By Bejay Browne
Kissonerga has welcomed the recent suggestion by President Nicos Anastasiades that the long-proposed new marina at nearby Potima bay could include a docking facility for cruise ships.
The Paphos village community leader described it as a logical suggestion that would massively boost tourism in the area.
“We welcome the president’s idea to combine the new marina and a dock for the cruise ships in one area. This will be good for us and for Paphos as a whole. It’s a good sign that he wants to do this and a new tender process will get underway soon,” community leader George Stylianou told the Sunday Mail.
Last week, President Nicos Anastasiades suggested including a pier large enough to accommodate cruise ships in the Paphos marina project near Kissonerga to ensure it was built as soon as possible.
It would also put pay to a spat between Paphos Paphos, Phedonas Phedonos and the Cyprus National Commission for Unesco. He vowed to plough ahead with plans to construct a new jetty close to the castle at Paphos harbour that would allow cruise ships to dock there. But the local Unesco office insists a heritage impact study should be undertaken first to prevent irreversible destruction to the Unesco world heritage site that covers much of this part of Paphos including the harbour.
“Instead of starting a row with the antiquities department, or whether it should be done at the small harbour, if we want to get the project done soon let it be included in the marina if that is possible,” Anastasiades said. “It will be a way of completing it as soon as possible.”
The president said that was something local authorities must discuss and decide along with the ministry of tourism.
Stylianou said this project would mean that the entire area from Kissonerga and up to Coral Bay would be developed.
“It will good for tourists and it’s important to offer tourism for cruise ship passengers. We hope that it will actually happen this time and eventually be built and that it doesn’t turn out to be just another announcement.”
At issue however is the long and tortuous path plans for the Paphos marina have taken so far with three different consortiums battling it out in the courts for more than a decade as tenders were accepted, rejected and appealed but ultimately came to nothing.
The ground work for announcing a new tender is currently underway by the government.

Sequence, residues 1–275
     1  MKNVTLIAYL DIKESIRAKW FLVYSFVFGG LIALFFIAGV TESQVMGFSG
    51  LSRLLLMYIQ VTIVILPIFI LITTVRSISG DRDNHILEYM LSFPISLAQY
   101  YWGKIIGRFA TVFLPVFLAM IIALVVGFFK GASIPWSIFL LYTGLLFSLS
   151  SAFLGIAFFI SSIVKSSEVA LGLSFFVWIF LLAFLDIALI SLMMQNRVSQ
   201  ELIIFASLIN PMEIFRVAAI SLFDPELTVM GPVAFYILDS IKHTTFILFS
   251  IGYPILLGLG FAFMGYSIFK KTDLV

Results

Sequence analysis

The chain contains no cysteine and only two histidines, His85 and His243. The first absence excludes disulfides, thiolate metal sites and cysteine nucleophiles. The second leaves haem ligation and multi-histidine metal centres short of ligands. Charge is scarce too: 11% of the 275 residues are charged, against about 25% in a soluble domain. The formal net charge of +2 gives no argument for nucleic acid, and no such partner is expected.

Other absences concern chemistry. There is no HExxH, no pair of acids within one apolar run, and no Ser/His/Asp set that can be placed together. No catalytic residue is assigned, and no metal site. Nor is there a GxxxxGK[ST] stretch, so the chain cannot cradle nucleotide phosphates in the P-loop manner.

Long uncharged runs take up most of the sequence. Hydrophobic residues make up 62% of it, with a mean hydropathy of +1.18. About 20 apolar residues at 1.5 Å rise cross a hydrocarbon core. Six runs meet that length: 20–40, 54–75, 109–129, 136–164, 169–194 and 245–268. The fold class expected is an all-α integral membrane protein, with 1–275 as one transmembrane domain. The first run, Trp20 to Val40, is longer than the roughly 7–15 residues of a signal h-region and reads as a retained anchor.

There has been so much ‘to-ing and fro-ing’ in recent years, Stylianou said that the community will only believe it when contracts are signed and the project gets underway.
“They have been fighting like roosters and tit for tat, it has been very frustrating for everyone. I build, no, you build, I sue, you sue and on and on, and the end result is that Paphos is left without this much needed facility.”
But once completed, the lucrative marina will provide a much-needed boost in investment and tourism for the area, he said.
For many years, developers, construction companies and businesses have been relying on the fact that a marina will be built in this space and having cruise ships added will bring another, higher level of investment, Stylianou noted.
“It will mean a good opportunity for long term business propositions and offer many more services than the ones we already have in the area now.”
Developers have been selling properties in the area on the back of the new marina and yet still there is just an empty space.
“I believe that the tender process for quotations will start before the end of the year, and according to the previous plans, from the date of the contract signing, it will take three years, unless anything unforeseen crops up.”
Stylianou believes that by 2024 Kissonerga will have its marina. “I don’t think that I will be the mukhtar then, but you never know.”
This is the second term for Stylianou, and it is proving easier than the first, as the huge inherited debt of close to four million euros, and other financial obligations were a massive challenge.
“When I was elected, we (Kissonerga) owed 3.91 million euros. By the end of 2018, we had managed to reduce that debt to two million euros.”
By the end of 2019, that will have decreased even further, down to I.85 million euros and by the end of Stylianou’s term, the debt will be cleared.
“When my term is completed, I hope to have cleared all of the debts, that is my aim,” he said.
This is being achieved by being frugal and saying ‘no’ to financing many projects and programmes, alongside increasing income and decreasing expenses, he said.
“This is the way to do it and we are proceeding with projects according to the finances we have. And if you can’t increase your income, then you must decrease your expenses,” he said.
Some of the community board’s income comes from the local authorities rental of beach beds and umbrellas.
“This is our biggest single source of income and is around 90,000 euros a year,” he said.
The community board also earns a substantial income from hotel tax.
“We have around 2,000 houses in Kissonerga and six large hotels, one is also being renovated now by tour operator TUI,” he said.
However, although Kissonerga is juggling finances, they are still planning to complete a three-kilometre stretch of the coastal pathway. The project is due to start this coming autumn as the tender process is currently underway.
“It will cost around 300,000 euros and be of a huge benefit to the area for both locals and visitors.”
The pedestrian path has been planned for the last 11 years and will be constructed from a combination of materials including stone and concrete.
It will run between Potima bay – the site of the highly anticipated Paphos marina – and the Atlantic hotel.
They are also creating a futsal facility in the centre of the village.
However, he noted that his residents are far more vocal with complaints rather than praise.
“I wish people in Kissonerga would be happier and show it. Other villages praise us and our efforts and say ‘good job Kissonerga’.”